Circuits and Systems

Systems level analysis of neurodegeneration

Rhythmic synchronous neural activity gives rise to brain oscillations at different frequencies. Cognitive deficits that occur in neurodegeneration may arise from an accumulation of altered cellular processes that lead to disruptions in neural circuits and network connectivity. In particular, oscillations in the gamma frequency range (between 30-80 Hz) are associated with higher order brain functions, and has been shown to be disrupted in the early stages of AD in human patients as well as in mouse models. We are thus interested in applying circuit manipulations to ameliorate cognitive deficits in AD. We previously showed that we could induce population-wide gamma oscillations in mice using optogenetics to entrain large groups of neurons to synchronize their firing patterns. Most recently, we developed non-invasive methods of inducing gamma oscillations by presenting sensory stimulation using light and sound at specific frequencies to the mice, which we have named Gamma ENtrainment Using Sensory stimuli (GENUS). In collaboration with Ed Boyden’s lab at MIT, we used GENUS to enhance gamma oscillations, and surprisingly found a marked reduction in amyloid and phospho-tau levels in several AD and neurodegeneration mouse models. The therapeutic effects of gamma oscillations appear to involve the concerted actions of neurons and microglia to reduce the production and enhance clearance of amyloid, respectively. Multi-site electrophysiological recordings in vivo reveal that GENUS can impact neural activity across broad brain regions and, significantly, improves cognitive performance in multiple mouse models. We are currently investigating the mechanisms that underlie the beneficial effects of GENUS. We are also exploring the interneuron network and involvement of neuromodulatory systems in mediating GENUS.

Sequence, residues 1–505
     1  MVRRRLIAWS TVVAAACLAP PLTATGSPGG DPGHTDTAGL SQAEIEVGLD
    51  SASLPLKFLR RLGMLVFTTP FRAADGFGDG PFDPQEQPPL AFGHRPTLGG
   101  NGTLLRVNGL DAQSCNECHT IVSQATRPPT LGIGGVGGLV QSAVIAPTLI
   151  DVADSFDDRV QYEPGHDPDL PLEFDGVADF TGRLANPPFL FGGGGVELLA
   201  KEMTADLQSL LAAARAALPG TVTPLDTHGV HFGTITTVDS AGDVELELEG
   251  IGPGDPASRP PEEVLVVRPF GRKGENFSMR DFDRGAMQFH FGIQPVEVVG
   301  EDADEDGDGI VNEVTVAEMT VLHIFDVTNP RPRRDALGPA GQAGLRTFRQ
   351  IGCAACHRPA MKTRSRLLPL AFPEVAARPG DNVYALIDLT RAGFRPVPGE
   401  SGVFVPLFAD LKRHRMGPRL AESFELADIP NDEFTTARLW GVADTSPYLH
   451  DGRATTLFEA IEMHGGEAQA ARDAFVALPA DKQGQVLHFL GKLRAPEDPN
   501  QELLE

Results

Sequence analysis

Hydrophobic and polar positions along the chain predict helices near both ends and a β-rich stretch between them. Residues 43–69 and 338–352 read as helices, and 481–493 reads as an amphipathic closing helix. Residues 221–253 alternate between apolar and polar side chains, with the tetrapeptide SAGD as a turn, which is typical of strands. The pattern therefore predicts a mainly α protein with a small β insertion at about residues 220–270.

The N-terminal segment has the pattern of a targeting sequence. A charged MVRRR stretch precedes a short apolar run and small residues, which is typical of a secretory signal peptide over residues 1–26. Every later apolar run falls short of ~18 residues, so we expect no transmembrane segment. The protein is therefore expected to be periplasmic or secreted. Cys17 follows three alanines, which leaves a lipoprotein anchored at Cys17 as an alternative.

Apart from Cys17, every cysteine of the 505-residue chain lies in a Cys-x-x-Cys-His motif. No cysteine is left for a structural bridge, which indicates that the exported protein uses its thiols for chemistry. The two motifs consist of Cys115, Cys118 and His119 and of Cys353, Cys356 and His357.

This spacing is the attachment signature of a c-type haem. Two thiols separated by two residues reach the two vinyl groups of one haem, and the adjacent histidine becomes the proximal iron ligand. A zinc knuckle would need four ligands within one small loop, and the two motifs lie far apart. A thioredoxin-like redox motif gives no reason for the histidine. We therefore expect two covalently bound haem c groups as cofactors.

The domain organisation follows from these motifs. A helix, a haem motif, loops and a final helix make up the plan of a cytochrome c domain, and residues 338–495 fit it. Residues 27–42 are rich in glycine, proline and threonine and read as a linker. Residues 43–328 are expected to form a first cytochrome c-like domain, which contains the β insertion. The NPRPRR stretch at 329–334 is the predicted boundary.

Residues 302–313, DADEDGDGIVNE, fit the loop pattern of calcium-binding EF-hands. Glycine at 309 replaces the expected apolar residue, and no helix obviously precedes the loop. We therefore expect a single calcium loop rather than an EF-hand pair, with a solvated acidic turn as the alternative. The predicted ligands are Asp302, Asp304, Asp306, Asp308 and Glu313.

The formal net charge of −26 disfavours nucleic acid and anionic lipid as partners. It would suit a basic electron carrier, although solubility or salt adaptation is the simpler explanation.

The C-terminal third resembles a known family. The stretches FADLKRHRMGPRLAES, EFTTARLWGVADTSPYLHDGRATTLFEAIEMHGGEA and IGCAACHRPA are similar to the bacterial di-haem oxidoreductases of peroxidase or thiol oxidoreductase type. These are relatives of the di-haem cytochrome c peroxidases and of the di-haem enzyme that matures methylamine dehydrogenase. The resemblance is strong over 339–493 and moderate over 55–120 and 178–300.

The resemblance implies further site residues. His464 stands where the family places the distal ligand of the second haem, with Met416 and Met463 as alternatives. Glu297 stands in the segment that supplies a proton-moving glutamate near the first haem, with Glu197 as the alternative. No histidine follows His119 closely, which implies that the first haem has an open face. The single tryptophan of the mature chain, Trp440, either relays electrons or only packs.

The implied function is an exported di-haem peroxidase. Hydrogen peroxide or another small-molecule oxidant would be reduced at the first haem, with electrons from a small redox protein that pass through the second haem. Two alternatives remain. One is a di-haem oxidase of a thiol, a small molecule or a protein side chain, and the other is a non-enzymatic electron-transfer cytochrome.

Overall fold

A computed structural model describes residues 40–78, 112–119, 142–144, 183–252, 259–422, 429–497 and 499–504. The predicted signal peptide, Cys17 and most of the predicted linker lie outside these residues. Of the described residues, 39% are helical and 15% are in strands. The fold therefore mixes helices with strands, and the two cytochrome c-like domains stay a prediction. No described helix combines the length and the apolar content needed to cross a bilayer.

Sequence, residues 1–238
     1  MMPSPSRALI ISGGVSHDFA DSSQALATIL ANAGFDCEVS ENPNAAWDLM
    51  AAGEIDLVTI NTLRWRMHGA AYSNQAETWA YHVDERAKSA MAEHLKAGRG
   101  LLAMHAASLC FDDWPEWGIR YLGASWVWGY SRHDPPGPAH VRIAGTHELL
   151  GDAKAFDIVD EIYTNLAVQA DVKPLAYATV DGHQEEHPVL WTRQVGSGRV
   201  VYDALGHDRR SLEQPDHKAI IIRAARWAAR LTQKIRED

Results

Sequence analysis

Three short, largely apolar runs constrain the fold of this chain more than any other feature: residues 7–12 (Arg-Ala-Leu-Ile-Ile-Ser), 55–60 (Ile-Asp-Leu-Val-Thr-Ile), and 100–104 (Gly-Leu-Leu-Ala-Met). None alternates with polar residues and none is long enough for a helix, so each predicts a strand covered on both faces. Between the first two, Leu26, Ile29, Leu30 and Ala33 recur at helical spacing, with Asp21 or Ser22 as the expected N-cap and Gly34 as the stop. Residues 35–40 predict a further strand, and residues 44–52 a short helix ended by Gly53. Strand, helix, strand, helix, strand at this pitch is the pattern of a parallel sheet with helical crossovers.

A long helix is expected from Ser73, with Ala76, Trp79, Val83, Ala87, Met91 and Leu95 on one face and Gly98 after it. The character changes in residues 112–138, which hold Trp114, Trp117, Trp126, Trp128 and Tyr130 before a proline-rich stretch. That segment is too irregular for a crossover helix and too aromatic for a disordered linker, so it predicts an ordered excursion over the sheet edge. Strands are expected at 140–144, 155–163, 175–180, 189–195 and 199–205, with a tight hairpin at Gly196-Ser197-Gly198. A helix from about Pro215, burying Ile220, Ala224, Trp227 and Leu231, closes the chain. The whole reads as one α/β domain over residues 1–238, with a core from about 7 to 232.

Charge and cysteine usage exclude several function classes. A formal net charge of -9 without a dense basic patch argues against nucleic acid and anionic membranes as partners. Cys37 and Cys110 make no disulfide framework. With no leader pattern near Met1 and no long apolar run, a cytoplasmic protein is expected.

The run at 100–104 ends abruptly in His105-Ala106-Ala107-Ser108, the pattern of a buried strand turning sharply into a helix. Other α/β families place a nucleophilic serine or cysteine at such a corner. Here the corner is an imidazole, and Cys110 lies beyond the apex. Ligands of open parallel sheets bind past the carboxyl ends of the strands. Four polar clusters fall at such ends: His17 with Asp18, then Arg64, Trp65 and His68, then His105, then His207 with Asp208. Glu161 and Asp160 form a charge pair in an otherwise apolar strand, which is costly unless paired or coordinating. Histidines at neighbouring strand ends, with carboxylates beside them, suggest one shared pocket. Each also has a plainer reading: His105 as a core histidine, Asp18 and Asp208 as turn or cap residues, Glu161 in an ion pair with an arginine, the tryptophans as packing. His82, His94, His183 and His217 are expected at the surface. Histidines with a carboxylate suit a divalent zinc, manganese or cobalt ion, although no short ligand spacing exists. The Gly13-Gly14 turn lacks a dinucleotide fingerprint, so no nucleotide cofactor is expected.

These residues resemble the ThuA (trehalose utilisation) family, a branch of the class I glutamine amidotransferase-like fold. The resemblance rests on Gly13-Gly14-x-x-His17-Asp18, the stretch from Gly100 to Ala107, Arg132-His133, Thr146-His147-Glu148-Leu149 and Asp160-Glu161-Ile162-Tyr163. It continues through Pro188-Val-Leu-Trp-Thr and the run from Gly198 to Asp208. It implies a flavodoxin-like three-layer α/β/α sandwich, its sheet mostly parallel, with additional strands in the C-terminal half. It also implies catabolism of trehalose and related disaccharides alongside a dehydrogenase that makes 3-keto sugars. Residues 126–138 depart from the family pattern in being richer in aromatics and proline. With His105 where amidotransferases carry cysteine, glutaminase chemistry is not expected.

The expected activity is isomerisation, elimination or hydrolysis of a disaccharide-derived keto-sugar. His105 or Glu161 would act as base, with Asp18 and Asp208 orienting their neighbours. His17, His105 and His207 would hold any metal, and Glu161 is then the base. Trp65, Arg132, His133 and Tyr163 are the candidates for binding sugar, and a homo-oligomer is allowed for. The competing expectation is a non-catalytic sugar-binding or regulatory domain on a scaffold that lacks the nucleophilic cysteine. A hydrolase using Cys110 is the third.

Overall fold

Through collaboration with MIT’s Clinical Research Center and faculty members across multiple disciplines at MIT, we are gearing up to apply GENUS to human subjects. State-of-the-art technology, such as magnetoencephalography (MEG), electroencephalography (EEG), functional magnetic resonance, imaging (fMRI), amyloid PET imaging, and cognitive tests will be used to investigate if this non-invasive approach using GENUS is neuroprotective in human subjects.

Through the targeted application of optogenetic and chemogenetic tools, we also aim to manipulate the activity of specific neural populations and circuits to gain insights at the intersection of pathology, network activity, and behavior. Additionally, we are mapping out the sequential temporal and spatial disruptions of neural circuits by the deposition of amyloid and aggregated tau protein in AD, to identify nodes of vulnerability and to understand how these pathologies propagate throughout the brain. Current work involves mapping various AD-related pathology in a 3-D manner in mouse and human brains. We are collaborating with Kwanghun Chung at the Picower Institute at MIT to apply enhanced CLARITY techniques to interrogate the relationship of amyloid plaques, tau tangles, neural inflammation, and vasculature pathology in different mouse models of AD and in postmortem human brain samples of AD subjects.